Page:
But Daniel resolved that he would not defile himself with the king's food, or with the wine that he drank. Therefore he asked the chief of the eunuchs to allow him not to defile himself. And God gave Daniel favor and compassion in the sight of the chief of the eunuchs, and the chief of the eunuchs said to Daniel, “I fear my lord the king, who assigned your food and your drink; for why should he see that you were in worse condition than the youths who are of your own age? So you would endanger my head with the king.” Then Daniel said to the steward whom the chief of the eunuchs had assigned over Daniel, Hananiah, Mishael, and Azariah, “Test your servants for ten days; let us be given vegetables to eat and water to drink. Then let our appearance and the appearance of the youths who eat the king's food be observed by you, and deal with your servants according to what you see.” So he listened to them in this matter, and tested them for ten days. At the end of ten days it was seen that they were better in appearance and fatter in flesh than all the youths who ate the king's food. So the steward took away their food and the wine they were to drink, and gave them vegetables.
As for these four youths, God gave them learning and skill in all literature and wisdom, and Daniel had understanding in all visions and dreams. At the end of the time, when the king had commanded that they should be brought in, the chief of the eunuchs brought them in before Nebuchadnezzar. And the king spoke with them, and among all of them none was found like Daniel, Hananiah, Mishael, and Azariah. Therefore they stood before the king. And in every matter of wisdom and understanding about which the king inquired of them, he found them ten times better than all the magicians and enchanters that were in all his kingdom. And Daniel was there until the first year of King Cyrus.
For Daniel and others taken into exile in Babylon, it was a moment of profound disruption. If we want a window into the range of emotion that the exiles felt, we can read Psalm 137: “How shall we sing the Lord’s song in a foreign land?” (137:4). Daniel surely felt such emotion, but he didn’t yield to despair. “Daniel resolved that he would not defile himself” (Daniel 1:8). He asked his supervisor for permission not to eat the king’s food or drink the king’s wine. His confidence in his sovereign Lord inspired the kind of resolve that shines like a flood light on a dark night. Daniel drew a line in the sand, and God gave Daniel favor and compassion in the eyes of his pagan lords.
We forget that Daniel and his friends were probably teenagers when they were uprooted from their home and carried away to Babylon. Their lives remind us of Paul’s exhortation to a younger Timothy: “Let no one despise you for your youth, but set the believers an example in speech, in conduct, in love, in faith, in purity” (1 Timothy 4:12). When he was around the age of 20, pastor and theologian Jonathan Edwards (1703-1758) wrote 70 resolutions, which he reviewed on a weekly basis for the rest of his life. Many of us know Edwards as the fire and brimstone preacher who wrote “Sinners in the Hands of an Angry God”, but he was so much more. His resolutions reflect the heart that the Lord gave him at an early age. He longed to redeem the time and to glorify the Lord in all things. Consider just a few of the 70 resolutions:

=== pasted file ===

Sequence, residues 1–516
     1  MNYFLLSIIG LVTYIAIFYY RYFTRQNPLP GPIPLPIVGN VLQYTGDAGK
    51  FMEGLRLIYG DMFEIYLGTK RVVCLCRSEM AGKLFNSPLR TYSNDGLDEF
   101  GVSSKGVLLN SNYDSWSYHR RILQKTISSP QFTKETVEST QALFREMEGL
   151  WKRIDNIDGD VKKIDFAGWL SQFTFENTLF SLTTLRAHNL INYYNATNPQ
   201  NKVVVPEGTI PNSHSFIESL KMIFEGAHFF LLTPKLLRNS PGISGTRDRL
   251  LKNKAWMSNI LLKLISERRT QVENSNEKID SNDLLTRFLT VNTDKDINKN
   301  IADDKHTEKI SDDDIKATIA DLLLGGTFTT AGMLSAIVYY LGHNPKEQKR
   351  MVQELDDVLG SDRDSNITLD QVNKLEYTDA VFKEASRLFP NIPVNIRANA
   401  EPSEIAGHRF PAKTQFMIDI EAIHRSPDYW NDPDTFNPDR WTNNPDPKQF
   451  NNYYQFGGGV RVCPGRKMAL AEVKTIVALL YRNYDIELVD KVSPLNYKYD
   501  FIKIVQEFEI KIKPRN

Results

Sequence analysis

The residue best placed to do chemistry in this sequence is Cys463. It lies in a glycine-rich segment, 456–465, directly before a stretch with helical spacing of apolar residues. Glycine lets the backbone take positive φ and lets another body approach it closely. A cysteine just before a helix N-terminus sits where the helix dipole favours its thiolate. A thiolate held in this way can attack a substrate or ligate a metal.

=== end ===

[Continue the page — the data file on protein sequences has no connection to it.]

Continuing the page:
1. Resolved, that I will do whatsoever I think to be most to God’s glory, and my own good, profit and pleasure, in the whole of my duration, without any consideration of the time, whether now, or never so many myriad’s of ages hence. Resolved to do whatever I think to be my duty and most for the good and advantage of mankind in general. Resolved to do this, whatever difficulties I meet with, how many soever and how great soever.
6. Resolved, to live with all my might, while I do live.
7. Resolved, never to do anything, which I should be afraid to do, if it were the last hour of my life.
25. Resolved, to examine carefully, and constantly, what that one thing in me is, which causes me in the least to doubt of the love of God; and to direct all my forces against it.
28. Resolved, to study the Scriptures so steadily, constantly and frequently, as that I may find, and plainly perceive myself to grow in the knowledge of the same.
43. Resolved, never henceforward, till I die, to act as if I were any way my own, but entirely and altogether God’s.
It’s easy to misunderstand Edwards’ resolutions. We say, “You’re creating a new law, a new measuring stick for real believers!” People who heard about Daniel refusing to defile himself may have accused him of similar things. In reality, this kind of resolve is not the root; it’s the fruit of a relationship with the Lord. Like Daniel and Jonathan Edwards, we don’t start with resolutions. We always start with the Lord. As we behold the glory of Christ, we are being transformed into the same image from one degree of glory to another (2 Cor. 3:18). Daniel and Jonathan Edwards were not perfect in their resolve, but Jesus was. In His days on earth, He resolved not to defile Himself in any way, and after living a perfect life, He “set His face to go to Jerusalem” (Luke 2:51). If we put Edwards’ resolutions on the lips of Jesus, we hear a beautiful expression of His joyful, perfect obedience in our place. There is no resolve like the resolve of Jesus Christ to finish the work His Father gave Him to do (John 17:4). With our eyes fixed on Him, how is the Lord leading us to live? Do we believe that He will give us everything we need?
As we resolve to live for Christ, may we remember the preface to Edwards’ Resolutions: Being sensible that I am unable to do anything without God’s help, I do humbly entreat Him by His grace to enable me to keep these resolutions, so far as they are agreeable to His will, for Christ’s sake. Amen.